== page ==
Issue Date: August 10, 2009
Emitting Light With Nanotubes
Nanomaterials that emit light will someday be key components of photonic and optical devices. But first, chemists must develop transistors that can produce photons efficiently at low voltages without much hysteresis (lag in response of current to voltage changes). By linking arrays of aligned carbon nanotubes with liquid electrolytes, Jana Zaumseil of Argonne National Laboratory, John A. Rogers of the University of Illinois, Urbana-Champaign, and colleagues have constructed field-effect transistors that come closer to fitting the bill (ACS Nano, DOI: 10.1021/nn9005736). They find that current-switching gates made of ionic liquids or lithium perchlorate in polyethylene glycol work far better than conventional solid oxide gate materials. The new devices operate at remarkably low voltages (–0.4 to –3 V) without much hysteresis, but they are not yet particularly efficient in converting current to light.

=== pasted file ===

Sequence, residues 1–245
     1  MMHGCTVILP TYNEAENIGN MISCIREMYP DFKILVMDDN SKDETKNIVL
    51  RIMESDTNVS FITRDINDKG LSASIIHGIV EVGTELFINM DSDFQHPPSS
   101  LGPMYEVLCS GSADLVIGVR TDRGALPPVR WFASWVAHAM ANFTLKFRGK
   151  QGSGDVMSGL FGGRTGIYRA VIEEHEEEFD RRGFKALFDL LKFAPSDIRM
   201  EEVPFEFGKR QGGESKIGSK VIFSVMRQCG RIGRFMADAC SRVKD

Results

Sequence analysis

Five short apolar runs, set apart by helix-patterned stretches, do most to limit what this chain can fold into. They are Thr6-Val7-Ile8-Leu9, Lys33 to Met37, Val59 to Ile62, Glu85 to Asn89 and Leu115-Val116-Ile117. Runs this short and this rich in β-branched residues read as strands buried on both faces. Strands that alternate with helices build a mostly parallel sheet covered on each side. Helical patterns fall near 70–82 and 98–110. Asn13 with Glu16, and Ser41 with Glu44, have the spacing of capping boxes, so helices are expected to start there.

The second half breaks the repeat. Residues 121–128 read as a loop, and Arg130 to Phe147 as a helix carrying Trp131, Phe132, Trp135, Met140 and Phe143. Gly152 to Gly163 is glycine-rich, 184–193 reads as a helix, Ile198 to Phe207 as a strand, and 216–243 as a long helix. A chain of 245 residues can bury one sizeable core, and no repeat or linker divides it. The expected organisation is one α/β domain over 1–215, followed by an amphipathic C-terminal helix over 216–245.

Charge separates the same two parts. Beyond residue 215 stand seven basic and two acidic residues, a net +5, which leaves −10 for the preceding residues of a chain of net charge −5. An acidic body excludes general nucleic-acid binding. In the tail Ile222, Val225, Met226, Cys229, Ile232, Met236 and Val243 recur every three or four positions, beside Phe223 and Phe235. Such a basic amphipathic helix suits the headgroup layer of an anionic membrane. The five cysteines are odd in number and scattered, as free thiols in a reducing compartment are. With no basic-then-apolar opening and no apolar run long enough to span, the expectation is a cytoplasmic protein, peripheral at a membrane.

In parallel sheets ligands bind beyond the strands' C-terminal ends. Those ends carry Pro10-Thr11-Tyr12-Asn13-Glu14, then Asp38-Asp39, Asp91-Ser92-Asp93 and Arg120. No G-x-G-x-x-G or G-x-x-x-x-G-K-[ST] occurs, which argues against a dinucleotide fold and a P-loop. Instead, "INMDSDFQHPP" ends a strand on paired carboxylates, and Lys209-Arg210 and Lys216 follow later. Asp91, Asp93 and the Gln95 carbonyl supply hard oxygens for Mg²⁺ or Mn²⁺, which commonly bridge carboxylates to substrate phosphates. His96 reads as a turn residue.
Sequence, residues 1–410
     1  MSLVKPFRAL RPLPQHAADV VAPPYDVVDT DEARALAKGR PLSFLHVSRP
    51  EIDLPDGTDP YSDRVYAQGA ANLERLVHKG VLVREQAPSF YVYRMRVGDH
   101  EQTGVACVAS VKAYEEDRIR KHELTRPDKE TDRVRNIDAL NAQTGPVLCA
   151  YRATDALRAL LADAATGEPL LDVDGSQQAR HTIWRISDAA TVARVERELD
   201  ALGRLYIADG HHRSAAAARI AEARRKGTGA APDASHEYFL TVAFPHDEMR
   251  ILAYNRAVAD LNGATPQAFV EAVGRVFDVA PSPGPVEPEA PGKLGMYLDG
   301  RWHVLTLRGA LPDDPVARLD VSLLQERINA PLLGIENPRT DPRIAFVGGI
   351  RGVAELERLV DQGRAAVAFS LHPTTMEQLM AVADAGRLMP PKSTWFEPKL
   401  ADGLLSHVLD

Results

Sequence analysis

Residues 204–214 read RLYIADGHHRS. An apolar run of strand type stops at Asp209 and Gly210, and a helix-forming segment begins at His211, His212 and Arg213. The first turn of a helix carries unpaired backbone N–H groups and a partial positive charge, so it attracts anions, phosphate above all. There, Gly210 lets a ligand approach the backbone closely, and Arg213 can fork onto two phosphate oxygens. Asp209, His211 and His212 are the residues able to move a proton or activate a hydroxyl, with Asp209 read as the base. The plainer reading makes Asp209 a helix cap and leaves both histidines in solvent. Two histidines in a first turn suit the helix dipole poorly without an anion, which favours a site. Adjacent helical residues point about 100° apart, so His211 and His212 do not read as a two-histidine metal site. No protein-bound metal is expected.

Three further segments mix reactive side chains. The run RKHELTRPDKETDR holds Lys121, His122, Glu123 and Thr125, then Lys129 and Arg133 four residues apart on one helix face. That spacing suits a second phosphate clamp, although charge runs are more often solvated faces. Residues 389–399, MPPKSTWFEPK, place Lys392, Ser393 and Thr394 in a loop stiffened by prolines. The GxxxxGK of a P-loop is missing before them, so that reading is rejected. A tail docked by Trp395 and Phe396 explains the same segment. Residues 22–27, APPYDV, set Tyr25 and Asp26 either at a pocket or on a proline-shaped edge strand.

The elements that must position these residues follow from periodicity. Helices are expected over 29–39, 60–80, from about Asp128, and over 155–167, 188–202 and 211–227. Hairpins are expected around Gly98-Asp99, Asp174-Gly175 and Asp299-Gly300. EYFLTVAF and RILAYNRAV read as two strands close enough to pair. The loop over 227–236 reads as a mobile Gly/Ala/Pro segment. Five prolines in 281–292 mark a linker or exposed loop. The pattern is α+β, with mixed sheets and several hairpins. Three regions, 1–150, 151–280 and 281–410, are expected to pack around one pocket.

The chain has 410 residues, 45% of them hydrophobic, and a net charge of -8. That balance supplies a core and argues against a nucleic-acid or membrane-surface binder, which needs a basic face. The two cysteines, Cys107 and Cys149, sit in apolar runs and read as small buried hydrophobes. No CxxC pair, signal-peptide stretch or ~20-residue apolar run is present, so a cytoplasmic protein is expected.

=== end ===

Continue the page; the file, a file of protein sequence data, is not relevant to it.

- Chemical & Engineering News
- ISSN 0009-2347
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